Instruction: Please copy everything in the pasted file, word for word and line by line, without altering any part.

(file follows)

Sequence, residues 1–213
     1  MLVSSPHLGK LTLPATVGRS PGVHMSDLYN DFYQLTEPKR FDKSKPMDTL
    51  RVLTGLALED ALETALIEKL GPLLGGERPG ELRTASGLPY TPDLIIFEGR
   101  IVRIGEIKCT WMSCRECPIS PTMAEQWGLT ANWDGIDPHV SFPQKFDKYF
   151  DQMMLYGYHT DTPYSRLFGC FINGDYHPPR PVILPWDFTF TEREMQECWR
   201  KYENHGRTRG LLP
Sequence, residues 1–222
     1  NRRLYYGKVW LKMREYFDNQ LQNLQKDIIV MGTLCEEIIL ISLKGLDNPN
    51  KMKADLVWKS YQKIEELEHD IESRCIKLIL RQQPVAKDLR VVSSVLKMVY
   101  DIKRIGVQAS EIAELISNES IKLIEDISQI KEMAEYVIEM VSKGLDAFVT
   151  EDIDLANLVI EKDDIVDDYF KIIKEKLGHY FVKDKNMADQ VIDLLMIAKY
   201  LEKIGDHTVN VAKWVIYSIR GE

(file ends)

Sequence, residues 1–213
     1  MLVSSPHLGK LTLPATVGRS PGVHMSDLYN DFYQLTEPKR FDKSKPMDTL
    51  RVLTGLALED ALETALIEKL GPLLGGERPG ELRTASGLPY TPDLIIFEGR
   101  IVRIGEIKCT WMSCRECPIS PTMAEQWGLT ANWDGIDPHV SFPQKFDKYF
   151  DQMMLYGYHT DTPYSRLFGC FINGDYHPPR PVILPWDFTF TEREMQECWR
   201  KYENHGRTRG LLP
Sequence, residues 1–222
     1  NRRLYYGKVW LKMREYFDNQ LQNLQKDIIV MGTLCEEIIL ISLKGLDNPN
    51  KMKADLVWKS YQKIEELEHD IESRCIKLIL RQQPVAKDLR VVSSVLKMVY
   101  DIKRIGVQAS EIAELISNES IKLIEDISQI KEMAEYVIEM VSKGLDAFVT
   151  EDIDLANLVI EKDDIVDDYF KIIKEKLGHY FVKDKNMADQ VIDLLMIAKY
   201  LEKIGDHTVN VAKWVIYSIR GE